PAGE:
I found the following reflection in the process of following various links for Lent devotionals at diverse blogs last week. I apologize that I can’t remember whom to give a hat tip to for directing me to this excellent devotional by an Orthodox blogger comparing her messy house (and the ways she typically tries to avoid it or tame the mess) to her messy soul… it’s a powerful analogy!
It’s embarrassingly remarkable really, how, despite talking about the mess, obsessing over the mess, buying stuff to tame the mess, at the end of the day my house remains no cleaner than before. Unless I bite the bullet, roll up my sleeves and surrender to the terribly untitillating effort required to transform that which is hectic into an oasis of calmness and simplicity, peace will elude me. [...]
Yes, it’s my soul I’m alluding to here, my disheveled soul, which I’m too distracted on my own to recognize is in need of some serious TLC so the Church, out of Love, points its cluttered state out to me. And she knows I’m too weak to care for it all by my lonesome, so here I am, hand-in-hand with an entire community of Orthodox Christians from all around the world at the starting line of a Church assigned season of quiet prayer, reflection and preparation. We simplify our diets, which aids in controlling our impulsivities. Mindless gorging, speaking, reacting or spending is terribly addictive and counterproductive, not to mention spiritually deafening. We attend Church services, beautiful services, lengthy and frequent services so imperative for keeping us focused on the aim at hand, and accessing the Christ hungry depths of our spirits too often smothered by earthly diversions.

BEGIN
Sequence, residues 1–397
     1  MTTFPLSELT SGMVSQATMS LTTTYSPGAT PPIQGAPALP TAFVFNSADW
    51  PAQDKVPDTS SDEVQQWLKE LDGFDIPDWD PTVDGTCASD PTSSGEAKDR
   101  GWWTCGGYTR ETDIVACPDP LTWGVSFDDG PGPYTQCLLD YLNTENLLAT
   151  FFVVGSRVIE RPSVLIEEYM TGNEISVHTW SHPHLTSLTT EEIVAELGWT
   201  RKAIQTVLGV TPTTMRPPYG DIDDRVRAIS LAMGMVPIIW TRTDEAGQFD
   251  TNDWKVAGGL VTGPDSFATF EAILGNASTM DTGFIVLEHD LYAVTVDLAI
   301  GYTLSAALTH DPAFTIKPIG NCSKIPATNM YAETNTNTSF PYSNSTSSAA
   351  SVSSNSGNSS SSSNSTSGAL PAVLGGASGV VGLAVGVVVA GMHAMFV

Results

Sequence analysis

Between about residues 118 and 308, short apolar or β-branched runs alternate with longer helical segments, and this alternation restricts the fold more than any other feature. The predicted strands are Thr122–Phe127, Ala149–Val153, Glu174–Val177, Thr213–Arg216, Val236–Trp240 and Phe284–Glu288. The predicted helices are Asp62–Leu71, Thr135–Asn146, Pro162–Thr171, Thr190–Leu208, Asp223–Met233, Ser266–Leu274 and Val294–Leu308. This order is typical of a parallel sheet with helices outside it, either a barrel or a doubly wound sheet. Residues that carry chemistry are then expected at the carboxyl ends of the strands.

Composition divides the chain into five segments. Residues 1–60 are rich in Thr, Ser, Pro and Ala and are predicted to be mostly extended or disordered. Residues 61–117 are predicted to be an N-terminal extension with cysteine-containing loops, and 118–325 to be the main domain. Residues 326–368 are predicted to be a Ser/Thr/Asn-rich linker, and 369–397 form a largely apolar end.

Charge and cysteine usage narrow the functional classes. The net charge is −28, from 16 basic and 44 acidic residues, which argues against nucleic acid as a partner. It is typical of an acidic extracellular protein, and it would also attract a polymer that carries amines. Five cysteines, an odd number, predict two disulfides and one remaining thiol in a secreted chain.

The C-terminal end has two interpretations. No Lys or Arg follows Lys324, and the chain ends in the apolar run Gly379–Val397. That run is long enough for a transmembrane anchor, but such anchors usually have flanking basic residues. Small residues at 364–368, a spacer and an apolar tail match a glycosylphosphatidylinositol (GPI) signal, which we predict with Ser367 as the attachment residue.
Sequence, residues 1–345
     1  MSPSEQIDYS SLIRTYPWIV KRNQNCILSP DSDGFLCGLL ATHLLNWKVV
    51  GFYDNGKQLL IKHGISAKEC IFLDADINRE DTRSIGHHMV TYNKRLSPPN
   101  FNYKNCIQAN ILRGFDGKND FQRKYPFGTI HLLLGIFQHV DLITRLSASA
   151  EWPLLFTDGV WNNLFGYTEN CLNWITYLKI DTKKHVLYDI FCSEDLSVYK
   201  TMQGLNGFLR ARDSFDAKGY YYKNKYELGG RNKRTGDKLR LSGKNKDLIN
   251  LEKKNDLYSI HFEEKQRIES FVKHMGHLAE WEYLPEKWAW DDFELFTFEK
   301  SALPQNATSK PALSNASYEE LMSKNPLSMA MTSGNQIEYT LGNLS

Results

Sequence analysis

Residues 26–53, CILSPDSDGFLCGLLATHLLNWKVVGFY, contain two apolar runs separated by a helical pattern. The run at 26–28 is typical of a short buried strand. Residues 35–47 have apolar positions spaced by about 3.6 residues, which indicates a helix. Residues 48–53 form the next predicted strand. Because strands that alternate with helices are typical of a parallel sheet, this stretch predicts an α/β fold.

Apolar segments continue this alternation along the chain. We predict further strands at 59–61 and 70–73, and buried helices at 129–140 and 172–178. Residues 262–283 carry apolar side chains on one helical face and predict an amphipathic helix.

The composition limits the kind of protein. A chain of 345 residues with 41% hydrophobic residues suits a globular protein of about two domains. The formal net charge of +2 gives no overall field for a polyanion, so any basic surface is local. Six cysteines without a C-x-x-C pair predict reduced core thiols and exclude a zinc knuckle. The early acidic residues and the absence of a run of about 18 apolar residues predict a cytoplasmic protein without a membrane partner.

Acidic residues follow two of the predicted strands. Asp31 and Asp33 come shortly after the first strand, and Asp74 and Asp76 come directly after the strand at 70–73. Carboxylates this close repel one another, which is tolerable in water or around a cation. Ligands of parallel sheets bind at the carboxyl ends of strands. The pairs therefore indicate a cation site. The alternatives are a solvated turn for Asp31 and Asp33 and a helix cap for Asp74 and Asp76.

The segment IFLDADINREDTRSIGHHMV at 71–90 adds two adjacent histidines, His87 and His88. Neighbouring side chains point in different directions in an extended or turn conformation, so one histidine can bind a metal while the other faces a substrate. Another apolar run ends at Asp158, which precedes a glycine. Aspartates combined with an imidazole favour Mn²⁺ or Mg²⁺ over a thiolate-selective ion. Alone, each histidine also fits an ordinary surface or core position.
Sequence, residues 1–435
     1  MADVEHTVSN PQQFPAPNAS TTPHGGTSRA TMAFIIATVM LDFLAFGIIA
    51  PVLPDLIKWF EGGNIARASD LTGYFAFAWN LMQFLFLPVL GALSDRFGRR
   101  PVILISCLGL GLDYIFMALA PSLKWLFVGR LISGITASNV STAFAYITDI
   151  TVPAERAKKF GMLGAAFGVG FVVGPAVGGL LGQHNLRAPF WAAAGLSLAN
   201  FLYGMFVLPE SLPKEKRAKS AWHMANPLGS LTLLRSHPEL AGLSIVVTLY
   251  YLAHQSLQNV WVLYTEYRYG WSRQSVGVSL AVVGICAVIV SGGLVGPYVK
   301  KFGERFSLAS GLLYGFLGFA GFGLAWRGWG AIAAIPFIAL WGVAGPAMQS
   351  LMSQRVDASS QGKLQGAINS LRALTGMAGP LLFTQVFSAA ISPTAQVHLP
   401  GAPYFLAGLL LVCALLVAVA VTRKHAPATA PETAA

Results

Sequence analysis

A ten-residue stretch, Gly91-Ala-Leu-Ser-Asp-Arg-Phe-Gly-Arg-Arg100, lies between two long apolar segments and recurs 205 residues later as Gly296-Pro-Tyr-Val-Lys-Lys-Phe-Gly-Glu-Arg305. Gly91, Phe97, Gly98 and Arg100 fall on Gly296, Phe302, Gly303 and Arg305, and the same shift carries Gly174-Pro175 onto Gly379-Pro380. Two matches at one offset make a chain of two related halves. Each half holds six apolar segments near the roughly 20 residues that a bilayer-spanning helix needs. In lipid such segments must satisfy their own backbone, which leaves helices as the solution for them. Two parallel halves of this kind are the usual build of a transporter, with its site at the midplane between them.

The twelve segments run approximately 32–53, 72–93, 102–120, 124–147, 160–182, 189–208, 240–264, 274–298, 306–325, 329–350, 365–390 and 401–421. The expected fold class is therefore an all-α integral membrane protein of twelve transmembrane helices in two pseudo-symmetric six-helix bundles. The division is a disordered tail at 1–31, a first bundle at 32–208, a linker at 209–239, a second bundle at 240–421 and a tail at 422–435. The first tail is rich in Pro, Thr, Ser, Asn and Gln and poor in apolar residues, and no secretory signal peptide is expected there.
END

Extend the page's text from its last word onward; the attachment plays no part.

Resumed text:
[...] Lent is not a pass/fail endeavor – it’s not a test, but rather a mystical means of healing and enlightenment I’d be very, very foolish not to take advantage of. The work of fasting won’t make God love me more – I’m very thankful to already, no matter what I do or don’t do, be loved by Him unconditionally. On my prayerful days, my forgetful days, my relapse days, my exhausted days, He is forgiving and full of grace. It will however affect the quality and fruitfulness of my day-to-day life here on earth. Waking up to a soul that’s been tended to feels tranquil and meaningful. I’m more generous, hospitable, courageous, patient, when I’m a good and faithful steward of my spiritual blessings.
Come, my fellow laborers, let us pace ourselves together, and with joy, throughout these forty days of work. Let us prune, water and feed our souls that Love may bloom , remaining confident, always secure in the promise that on the other side of our Lenten efforts lies the victorious Resurrection of all Life, all Purpose and all Hope!
A good reminder and exhortation! I highly recommend reading the full blog entry as it’s really a powerful reflection on decreasing the “clutter” in our spiritual lives, and the wonderful opportunity Lent gives us to be refreshed and renewed in the Lord’s presence.